• Parador de Málaga Gibralfaro, Castillo de Gibralfaro, Tel.: +34 95 222-1902, [4]. Some report being disappointed by the restaurant at the Parador. The food was sub par, but the service by contrast was exemplary, together with all the nice little free appetizers, aperitifs, etc. Wine list tended towards the expensive but with the excellent idea of a monthly wine choice 'balancing quality and value', for example a very palatable Ribera del Duero Crianza at €10. Set menu €27 pp (plus VAT). Fantastic view of the city, especially from the terrace.
  • Las Garrafas. Calle Méndez Núñez 6. Tel.: +34 95 222-3589. Winery and "taperia". Typical Málaga cuisine in a large and clean locale. Delicious and reasonably-priced food. Especially recommended are the mouth-watering "albondigones," large meatballs served alongside french fries.

Drink

Malaga nightlife will make you think that nobody sleeps in this town even during the work week! However, it is especially busy from Thursday to Sunday, where people buy their drinks in the supermarkets and have them at night in controlled areas known as "botellodromos" in the city center, before going into the clubs:

  • Metropol, Cosa Nostra, Vaticano, Andén (big busy Latin club)
  • Velvet Club (aka Sonic, plays metal, hardcore, punk) [not open Sundays]
  • Nyx, Urbano, Village Green (Rock, Indie, etc).
  • White, Abyssinia, Bar El Sound (Rap, Hip Hop, R&B)
  • Paradise/Punto G, Warhol (gay)
  • ChillHouse ( house-dance music)
  • El Pimpi, Calle Granada (Around the corner from the Picasso Museum). Famous for its sweet yet strong local wine. Tapas and other bites.  edit
  • There are several nice Moroccan-style tea houses in town, serving an amazing variety of teas in addition to other interesting non-alcoholic drinks.

Learn

Spanish: Take an intensive Spanish course at Málaga University [5] and put it into practice at one of the city's many exciting bars.

Salsa: Many bars and discos in Málaga offer free Salsa classes, such as The Sound in the center and The Swan in the trendy suburb town of Pedregalejo.

This guide uses the following price ranges for a standard double room:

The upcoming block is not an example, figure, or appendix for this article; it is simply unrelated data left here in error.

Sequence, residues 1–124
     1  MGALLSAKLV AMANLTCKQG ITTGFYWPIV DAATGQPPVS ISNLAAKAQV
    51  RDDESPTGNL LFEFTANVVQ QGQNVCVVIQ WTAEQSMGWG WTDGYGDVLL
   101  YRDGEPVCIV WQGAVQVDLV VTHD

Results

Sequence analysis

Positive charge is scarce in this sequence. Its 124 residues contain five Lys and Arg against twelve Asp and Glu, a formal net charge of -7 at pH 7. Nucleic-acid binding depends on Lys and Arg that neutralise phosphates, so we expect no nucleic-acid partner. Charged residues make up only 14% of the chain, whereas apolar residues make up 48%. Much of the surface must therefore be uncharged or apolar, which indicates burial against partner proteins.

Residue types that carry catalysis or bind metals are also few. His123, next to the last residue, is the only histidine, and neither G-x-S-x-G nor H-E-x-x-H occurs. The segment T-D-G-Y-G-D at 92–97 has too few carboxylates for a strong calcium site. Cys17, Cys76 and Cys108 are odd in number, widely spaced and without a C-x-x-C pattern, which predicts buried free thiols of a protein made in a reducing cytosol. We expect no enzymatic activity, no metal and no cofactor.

Budget Under €40
Mid-range 40-100 euros
Splurge Over €100

There are basically two good locations for tourist lodging in town: At the beach, or in or near the pedestrian zone in the center. The cheapest beds are found in the red light district between the center and the port.

  • Picasso's Corner, San Juan de Letrán, 9, +34 95 221-2287, [6]. Right in the historic district. Bar and lounge, food and disco shows!  edit
  • Hostel La Palma, Calle Martinez 7, 29005 Malaga, +34 95 222-6772. Run by a friendly lady, this cheap and cheerful place has rooms starting from €20 Euros.  edit
  • Pension Costa Rica, Calle Córdoba 5, E-29001 Málaga, +34 95 221-3577. Very primitive and in the middle of the red light district, but it seems to be one of the cheapest available. From €20 Euros.  edit
  • Down Town Hostel, Pasaje de Clemens 11, +34 952 223 292, [7]. checkin: 01.00; checkout: 11.00. Just under the alcazaba, in a quiet street. Not too far from the beach, close to the city center. Free wifi, nice people, nice rooftop. 16-20.  edit
  • Hotel Santa Rosa, Carretera Málaga-Almería 125. Torrox Costa El Morche, Malaga 29793, +34952530790, [8]. checkin: 12 p.m; checkout: 6 p.m. Hotel Santa Rosa is a small but welcoming hotel situated on the sea front 45-98 €. (36.7358628,-3.9811844) edit
  • Malaga Hotel, Acacias de Guadalmar, 153 - 29004 Malaga, +34 95 217-6061 (, fax: +34 9521756552), [9]. checkin: 2PM; checkout: 12PM.
    Malaga Hotel is on Guadalmar beach and is close to the airport, Torremolinos, Plaza Mayor Malaga, Golf. Charming 3 star hotel with garden, swimming pool, jacuzzi, restaurant. Boardwalk with beach restaurants (chiringuitos).